COLUMBIA, S.C. — South Carolina Gov. Henry McMaster has signed into law new regulations designed to protect the state's native reptiles and amphibians.
McMaster held a ceremonial signing event Wednesday at the Riverbanks Zoo in Columbia, which has several animal conservation programs . The law was passed during the most recent legislative session.
The South Carolina Department of Natural Resources, which helped develop the new rules, say it will better regulate the sale, purchase or transfer of native reptile and amphibian species will be tightly controlled and limited to captive-bred animals that can be commercialized without harming native populations.
SCDNR says the state has been a target for people who want to illegally trade wildlife, particularly the state's turtle population. It also prevents the release of tegu lizards, an invasive species of lizard that's been spotted in the Southeast and recently made their way to South Carolina.
"This Native Reptiles and Amphibians bill, known as the 'Turtle Bill,' is a great one, because we discovered over the years that people were taking our wildlife elsewhere-, smuggling them out, smuggling in non-native species, and we had some tools to deal with it but not enough," McMaster said. " But our legislators in the House and the Senate stepped up, recognized we needed to do this, and so they've done it; and they've made us just a little bit better, a little bit stronger, a little bit better place to live, work, and raise a family."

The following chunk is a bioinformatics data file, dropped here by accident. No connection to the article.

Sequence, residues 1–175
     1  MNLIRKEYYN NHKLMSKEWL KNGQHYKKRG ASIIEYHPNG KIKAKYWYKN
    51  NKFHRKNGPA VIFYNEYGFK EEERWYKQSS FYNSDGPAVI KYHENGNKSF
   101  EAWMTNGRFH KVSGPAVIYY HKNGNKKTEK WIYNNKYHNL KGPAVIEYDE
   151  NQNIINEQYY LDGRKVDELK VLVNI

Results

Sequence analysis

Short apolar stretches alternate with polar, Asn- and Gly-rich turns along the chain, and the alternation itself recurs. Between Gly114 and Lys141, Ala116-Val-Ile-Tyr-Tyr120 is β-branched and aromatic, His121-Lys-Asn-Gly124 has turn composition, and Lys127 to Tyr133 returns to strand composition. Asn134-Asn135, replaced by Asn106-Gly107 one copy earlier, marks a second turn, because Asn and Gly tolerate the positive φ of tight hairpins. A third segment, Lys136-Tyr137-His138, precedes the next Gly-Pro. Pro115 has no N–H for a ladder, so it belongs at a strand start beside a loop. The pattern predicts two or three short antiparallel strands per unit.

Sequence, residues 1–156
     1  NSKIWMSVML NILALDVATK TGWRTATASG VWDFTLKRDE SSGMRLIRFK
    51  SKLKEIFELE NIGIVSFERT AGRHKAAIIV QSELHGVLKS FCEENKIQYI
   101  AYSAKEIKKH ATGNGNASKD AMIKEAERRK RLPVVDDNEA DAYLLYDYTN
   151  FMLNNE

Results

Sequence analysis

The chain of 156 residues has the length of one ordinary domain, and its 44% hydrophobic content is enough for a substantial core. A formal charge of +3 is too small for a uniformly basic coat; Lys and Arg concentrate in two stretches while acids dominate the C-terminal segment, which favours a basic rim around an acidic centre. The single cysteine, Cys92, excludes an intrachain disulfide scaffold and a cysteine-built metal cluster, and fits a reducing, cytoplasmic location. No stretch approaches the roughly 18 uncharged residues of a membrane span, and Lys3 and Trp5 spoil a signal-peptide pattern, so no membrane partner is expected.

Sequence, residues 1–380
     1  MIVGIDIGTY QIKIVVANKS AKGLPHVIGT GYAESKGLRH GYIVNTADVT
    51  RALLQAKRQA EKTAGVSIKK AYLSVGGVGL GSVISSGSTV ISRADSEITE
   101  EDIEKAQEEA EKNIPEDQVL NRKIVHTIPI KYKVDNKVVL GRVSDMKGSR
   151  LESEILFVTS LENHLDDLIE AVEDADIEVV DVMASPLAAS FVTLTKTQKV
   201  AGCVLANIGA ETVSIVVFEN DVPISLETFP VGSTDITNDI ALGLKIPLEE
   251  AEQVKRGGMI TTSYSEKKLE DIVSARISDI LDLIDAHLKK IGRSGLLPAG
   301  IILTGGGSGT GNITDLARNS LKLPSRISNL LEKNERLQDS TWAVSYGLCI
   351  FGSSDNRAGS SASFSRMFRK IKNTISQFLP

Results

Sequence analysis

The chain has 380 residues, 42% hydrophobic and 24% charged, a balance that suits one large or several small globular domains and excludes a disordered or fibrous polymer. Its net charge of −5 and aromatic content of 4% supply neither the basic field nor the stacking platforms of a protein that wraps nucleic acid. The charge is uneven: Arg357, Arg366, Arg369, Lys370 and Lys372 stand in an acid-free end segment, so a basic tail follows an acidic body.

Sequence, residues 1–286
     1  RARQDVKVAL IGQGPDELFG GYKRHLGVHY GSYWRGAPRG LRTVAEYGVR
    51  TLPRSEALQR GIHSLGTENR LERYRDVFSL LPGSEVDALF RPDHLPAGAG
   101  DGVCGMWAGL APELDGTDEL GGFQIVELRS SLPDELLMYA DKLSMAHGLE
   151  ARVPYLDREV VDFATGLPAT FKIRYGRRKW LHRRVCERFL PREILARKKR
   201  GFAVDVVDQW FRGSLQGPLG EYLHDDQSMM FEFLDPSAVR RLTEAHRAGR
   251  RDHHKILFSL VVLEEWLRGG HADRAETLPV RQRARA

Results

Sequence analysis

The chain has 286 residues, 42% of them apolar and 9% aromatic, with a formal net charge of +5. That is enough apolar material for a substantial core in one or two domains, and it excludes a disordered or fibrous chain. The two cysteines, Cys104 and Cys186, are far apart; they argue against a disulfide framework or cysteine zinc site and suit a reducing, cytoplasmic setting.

SCDNR says Eastern box turtles, spotted turtles, and diamondback terrapins are in high demand both in the U.S. and internationally by animal traders. South Carolina didn't have a law regulating the sale of the animals, which SCDNR says led to the exploitation of the animals.
The agency says more than 200 turtles bound for the black-market turtle trade were seized from a residence in Chester County in 2019. That followed a 2018 case which saw three South Carolina men plead guilty to conspiring to illegally buy and sell rare turtles on the black market.
The new law limits the number of native turtles that an individual may possess to no more than 10 total (with individual limits of 5 on many common species and 2 on Eastern box turtles and diamondback terrapins). Residents of the state who currently have collections in excess of these limits will be given an opportunity to register with SCDNR (within 90 days) and receive a temporary permit “grandfathering” their current animals. The law also provides legal avenues for institutions such as zoos, research facilities and wildlife rehab organizations to continue their important work, also through a permitting process. In addition, the new law makes it illegal to “possess, transfer, sell, barter, trade ship or remove” from the state native reptile or amphibian species, including parts, products, eggs or offspring, in violation of a statute or a limit or permit condition established by SCDNR and directs SCDNR to promulgate regulations for the management of native reptile and amphibian species. It also prohibits the release of non-native wildlife (such as tegu lizards).